Learning about restorative justice changed my life. I remember vividly the first time I read The Little Book Restorative Justice when it was assigned in a Nonviolence class at Colorado College. I sat up in my dorm room bed underlining almost every line and drawing big stars in the margins. I was so excited to have found an alternative approach to justice that could work to create peace in the wake of harm in so many different contexts. It was the first time I had really asked myself, “What is justice? And how is it best achieved?” From that moment and the discussions in class that followed, my trajectory was set. I knew that I needed to do this work. I knew that I needed to be part of the restorative justice movement.
Restorative justice course offerings at universities are expanding, but not as quickly as they need to be. With each person who learns about restorative justice, we gain the insight of their unique life experiences and the creative applications of the restorative philosophy they may imagine.
Last month, I taught a Master’s level course on Restorative Justice at Boise State University. The students were all intelligent, compassionate individuals with backgrounds in mediation and conflict resolution. The class was a true pleasure to teach. This was the first time any of the students had engaged with restorative justice. To many, it was an entirely new concept. They were as excited as I was when I first learned about this powerful work.
Their primary assignment was to complete a reflection, applying the “Restorative Lens” to a situation in their lives. This could be an issue they were facing at work or in university, with family or friends, in a volunteer role, or anywhere else. They could also pick an issue from the news or a local problem. The students were asked to view the issue though the philosophical framework of restorative practices, focusing on the three restorative questions: 1) What happened? 2) Who was affected? 3) What is needed to repair the harm and make things right?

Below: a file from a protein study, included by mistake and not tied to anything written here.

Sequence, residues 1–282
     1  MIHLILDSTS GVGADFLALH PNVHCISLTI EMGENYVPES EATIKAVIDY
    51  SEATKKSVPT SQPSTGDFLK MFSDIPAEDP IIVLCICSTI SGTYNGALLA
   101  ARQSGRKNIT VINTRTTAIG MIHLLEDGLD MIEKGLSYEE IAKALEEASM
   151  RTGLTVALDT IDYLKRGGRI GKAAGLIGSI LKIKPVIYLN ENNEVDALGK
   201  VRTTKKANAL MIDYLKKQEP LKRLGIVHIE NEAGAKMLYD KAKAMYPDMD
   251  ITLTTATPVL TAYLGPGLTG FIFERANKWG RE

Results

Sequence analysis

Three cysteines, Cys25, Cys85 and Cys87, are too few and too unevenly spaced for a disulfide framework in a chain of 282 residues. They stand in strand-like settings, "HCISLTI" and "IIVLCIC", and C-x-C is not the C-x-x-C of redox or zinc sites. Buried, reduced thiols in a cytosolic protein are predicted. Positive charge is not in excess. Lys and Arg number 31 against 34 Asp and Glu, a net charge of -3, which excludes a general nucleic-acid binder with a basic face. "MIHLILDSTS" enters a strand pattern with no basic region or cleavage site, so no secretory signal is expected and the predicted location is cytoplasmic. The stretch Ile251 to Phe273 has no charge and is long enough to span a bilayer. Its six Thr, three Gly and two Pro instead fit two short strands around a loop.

If possible/appropriate, in addition to thinking about the issue through a restorative lens, the students could also apply restorative practices to addressing the issue. I invited them to consider facilitating a Restorative Justice Conference or a Circle with the individuals involved.
In grading these assignments, it was wonderful to see how the students were applying restorative practices in their contexts and seeing great results. One of the students who works at a school was able to prevent a student from being suspended by offering a restorative process. Another student held a circle with two family members about a painful family matter and reflected that it was the first time she had really listened to her parent. One student who works at a homeless shelter was able to use the circle structure with residents at the shelter. Two people talked about using a restorative approach to resolving harms in their workplaces. The university ombudsman reflected on a past suspension of a student that still haunts him and imagined “What if?” restorative justice had been an option. He shared that this one course will change how he does his job.
Restorative justice education is powerful. When we share restorative justice with a group of passionate, driven, capable students in a way that is inspiring, interactive, and empowering, we begin a positive ripple of impact. In restorative justice, we talk a lot about the ripple of harm from an offense. In restorative justice education, we see a more positive and transformational ripple. In each person who learns about restorative practices, a seed in planted, and they carry the knowledge with them into all of their interactions and decisions in their work, personal life, and wider community. They become messengers, sharing restorative justice with more people. The ripples of restorative justice education are expansive and powerful.